Saturday, April 17, 2010

Some Further Comments on the Leverage Cycle

In a previous post I discussed a paper by John Geanakoplos on the Leverage Cycle (due to appear in the NBER Macroeconomics Annual later this year). I presented this paper in the Columbia finance reading group last Thursday, and have posted my slides in case anyone is interested in taking a look.  
The paper is considerably more accessible to the general reader than most of the recent theoretical literature on the financial crisis. It avoids the standard theorem-and-proof format, and consists instead of a sequence of elaborate numerical examples that fit together like a jigsaw puzzle. It also contains a number of very interesting ideas and insights, many more than I was able to discuss in my earlier post. 
One of the key features of the Geanakoplos model is that the same set of physical assets can serve as collateral multiple times for loans of different maturities. For example, housing serves as collateral for long-term loans in the mortgage market, while the loans themselves (after securitization and tranching) can serve as collateral for short-term borrowing in the repo market. Geanakoplos shows that the extent of leverage in the long-term market will endogenously be such as to allow for a positive probability of default, and is interested in the effects of bad news in this market (interpreted as an increased likelihood of eventual default) on the market for short-term loans backed by financial rather than physical assets.
Among the main insights in the paper is the following: a decline in the expected terminal value of the physical assets will result in a far greater decline in the prices of the financial assets that they back. This happens for three reasons. Most obviously, there is a decline in fundamentals. But the effects of this are amplified because the initial prices (before bad news arrives) reflect the beliefs of the most optimistic market participants, who borrow from the pessimists in order to buy their asset holdings. In other words, the marginal buyer is (endogenously) very optimistic and this is reflected in the market price. The decline in fundamentals not only wipes out these highly leveraged optimists, but also substantially reduces equilibrium leverage in the market. As a result, the decline in the financial asset price is far greater than any market participant's expectations concerning the terminal value of the physical asset.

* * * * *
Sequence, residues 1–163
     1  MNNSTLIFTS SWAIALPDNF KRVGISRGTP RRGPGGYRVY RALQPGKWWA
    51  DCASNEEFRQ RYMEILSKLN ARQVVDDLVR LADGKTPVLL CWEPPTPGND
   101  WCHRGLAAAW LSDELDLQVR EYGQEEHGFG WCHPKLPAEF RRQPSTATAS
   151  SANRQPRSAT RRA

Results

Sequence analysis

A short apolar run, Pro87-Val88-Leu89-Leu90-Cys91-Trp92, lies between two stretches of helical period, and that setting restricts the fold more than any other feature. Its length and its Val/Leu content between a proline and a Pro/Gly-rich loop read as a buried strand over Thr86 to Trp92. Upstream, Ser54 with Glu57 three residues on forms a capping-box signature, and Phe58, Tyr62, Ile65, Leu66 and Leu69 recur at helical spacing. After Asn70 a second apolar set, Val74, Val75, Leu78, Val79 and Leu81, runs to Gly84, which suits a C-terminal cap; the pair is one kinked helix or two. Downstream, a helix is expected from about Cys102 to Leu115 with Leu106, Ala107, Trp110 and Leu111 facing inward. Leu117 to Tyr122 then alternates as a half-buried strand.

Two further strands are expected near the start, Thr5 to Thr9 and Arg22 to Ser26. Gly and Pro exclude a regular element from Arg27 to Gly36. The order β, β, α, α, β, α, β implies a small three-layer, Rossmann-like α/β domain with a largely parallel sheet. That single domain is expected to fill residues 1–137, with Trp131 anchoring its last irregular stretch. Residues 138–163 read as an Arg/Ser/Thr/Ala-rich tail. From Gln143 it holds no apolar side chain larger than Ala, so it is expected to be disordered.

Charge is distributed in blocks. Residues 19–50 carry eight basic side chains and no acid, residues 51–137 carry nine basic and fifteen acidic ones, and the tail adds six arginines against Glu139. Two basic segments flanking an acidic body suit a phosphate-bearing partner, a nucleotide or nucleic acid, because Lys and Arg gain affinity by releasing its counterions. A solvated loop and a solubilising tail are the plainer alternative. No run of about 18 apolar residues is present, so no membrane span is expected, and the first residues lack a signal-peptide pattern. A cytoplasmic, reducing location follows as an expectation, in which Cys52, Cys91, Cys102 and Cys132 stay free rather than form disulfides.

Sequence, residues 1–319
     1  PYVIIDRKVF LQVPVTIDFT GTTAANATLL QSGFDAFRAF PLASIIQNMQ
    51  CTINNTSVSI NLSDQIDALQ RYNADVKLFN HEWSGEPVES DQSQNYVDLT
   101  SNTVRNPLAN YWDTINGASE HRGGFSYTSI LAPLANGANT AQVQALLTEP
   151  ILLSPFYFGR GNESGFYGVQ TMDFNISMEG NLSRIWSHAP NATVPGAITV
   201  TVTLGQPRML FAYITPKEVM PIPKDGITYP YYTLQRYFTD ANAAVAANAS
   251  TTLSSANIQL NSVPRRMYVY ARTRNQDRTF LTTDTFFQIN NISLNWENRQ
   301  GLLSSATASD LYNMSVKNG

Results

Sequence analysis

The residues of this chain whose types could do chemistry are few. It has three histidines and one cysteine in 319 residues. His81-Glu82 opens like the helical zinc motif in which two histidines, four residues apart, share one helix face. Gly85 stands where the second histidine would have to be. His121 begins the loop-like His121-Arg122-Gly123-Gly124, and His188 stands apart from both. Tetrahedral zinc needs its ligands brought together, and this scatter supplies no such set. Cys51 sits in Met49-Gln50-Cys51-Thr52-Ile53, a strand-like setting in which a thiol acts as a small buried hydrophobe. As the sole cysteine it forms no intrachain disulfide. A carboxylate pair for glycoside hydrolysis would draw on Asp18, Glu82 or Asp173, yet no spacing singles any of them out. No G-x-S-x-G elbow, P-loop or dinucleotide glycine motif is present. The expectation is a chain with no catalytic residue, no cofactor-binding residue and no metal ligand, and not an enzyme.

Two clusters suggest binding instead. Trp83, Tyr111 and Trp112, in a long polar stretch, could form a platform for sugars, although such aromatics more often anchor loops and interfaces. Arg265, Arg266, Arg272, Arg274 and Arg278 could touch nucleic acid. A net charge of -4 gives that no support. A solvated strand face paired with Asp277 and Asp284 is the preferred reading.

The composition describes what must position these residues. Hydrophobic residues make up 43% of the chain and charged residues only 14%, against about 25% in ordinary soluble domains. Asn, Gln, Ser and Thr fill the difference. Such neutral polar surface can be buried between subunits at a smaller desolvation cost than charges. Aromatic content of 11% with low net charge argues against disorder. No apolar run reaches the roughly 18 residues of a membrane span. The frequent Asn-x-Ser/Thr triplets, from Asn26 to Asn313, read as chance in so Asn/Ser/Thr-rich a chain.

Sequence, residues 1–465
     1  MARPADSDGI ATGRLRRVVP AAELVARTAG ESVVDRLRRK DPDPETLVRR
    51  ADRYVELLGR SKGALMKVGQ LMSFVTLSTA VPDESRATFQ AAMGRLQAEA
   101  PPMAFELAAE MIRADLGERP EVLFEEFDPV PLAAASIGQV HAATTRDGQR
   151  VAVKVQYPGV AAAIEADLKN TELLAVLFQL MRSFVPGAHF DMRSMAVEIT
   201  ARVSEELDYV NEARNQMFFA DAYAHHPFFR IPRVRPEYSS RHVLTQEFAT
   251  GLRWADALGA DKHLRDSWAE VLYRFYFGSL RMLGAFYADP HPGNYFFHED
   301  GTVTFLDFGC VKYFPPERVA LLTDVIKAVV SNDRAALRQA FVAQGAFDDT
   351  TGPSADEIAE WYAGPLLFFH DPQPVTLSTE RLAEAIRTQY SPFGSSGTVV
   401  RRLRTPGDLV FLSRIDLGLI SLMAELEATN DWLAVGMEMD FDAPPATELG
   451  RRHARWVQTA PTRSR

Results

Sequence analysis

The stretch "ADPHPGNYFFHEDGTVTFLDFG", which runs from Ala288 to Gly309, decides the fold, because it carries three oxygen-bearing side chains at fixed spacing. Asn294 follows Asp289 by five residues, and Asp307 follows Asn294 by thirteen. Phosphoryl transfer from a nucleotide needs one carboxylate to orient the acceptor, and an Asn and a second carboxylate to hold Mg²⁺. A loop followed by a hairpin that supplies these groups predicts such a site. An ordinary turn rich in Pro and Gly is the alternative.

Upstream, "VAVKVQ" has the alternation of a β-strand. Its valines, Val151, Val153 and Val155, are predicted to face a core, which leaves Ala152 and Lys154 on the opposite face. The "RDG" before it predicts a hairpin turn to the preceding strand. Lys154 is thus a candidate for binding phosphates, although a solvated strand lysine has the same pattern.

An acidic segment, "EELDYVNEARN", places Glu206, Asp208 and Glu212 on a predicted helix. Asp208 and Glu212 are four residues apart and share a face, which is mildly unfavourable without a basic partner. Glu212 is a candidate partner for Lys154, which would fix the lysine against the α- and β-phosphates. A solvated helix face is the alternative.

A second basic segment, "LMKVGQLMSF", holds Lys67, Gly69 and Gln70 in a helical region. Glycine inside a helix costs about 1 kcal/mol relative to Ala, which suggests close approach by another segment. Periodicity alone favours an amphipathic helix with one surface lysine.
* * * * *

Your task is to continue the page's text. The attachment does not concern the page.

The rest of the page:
The careful reader will note that incomplete markets and maturity mismatch play a critical role in this argument. One of the most interesting aspects of the model is that both market incompleteness and maturity transformation arise endogenously, and the asset prices at various points in the tree of uncertainty are all correctly anticipated. The results are driven not by irrational exuberance or systematic biases, but by heterogeneous preferences and beliefs, and changes over time in equilibrium leverage. It's a precise, rigorous and carefully constructed interpretation of recent events, based on work that was done well before this crisis erupted.
In response to my earlier post on this paper, David at Deus Ex Macchiato agreed that the work is important, but added:
What astonishes me however is that this is in any way news to the economics community. Ever since Galbraith’s account of the importance of leverage in the ‘29 crash, haven’t we known that leverage determines asset prices, and that the bubble/crash cycle is characterised by slowly rising leverage and asset prices followed by a sudden reverse in both?
This is a good question. A lot of the less formal work in this area never made it into the canonical models taught to successive cohorts of graduate students in economics. Geanakoplos doesn't mention Galbraith explicitly, but he does mention Minsky and Tobin, who themselves were surely familiar with Galbraith's work on the crash. Implicit in David's question is the accusation that the training of professional economists has become too narrow, and on this point I believe that he is absolutely correct.


  1. Does this borrowing create net leverage? If you have Asset A, Loan B against Asset A, and Loan C against Loan B, it looks like the party with long exposure to loan B and short exposure to Loan C nets out to zero exposure. If the asset declines in value, their loan collateralized by the asset also declines in value; but so does the loan backed by that loan.

    This scenario does introduce counterparty risk, but haircuts are often more than enough to compensate for this. (i.e they create a scenario in which a given dollar of net debt requires more, not less, capital).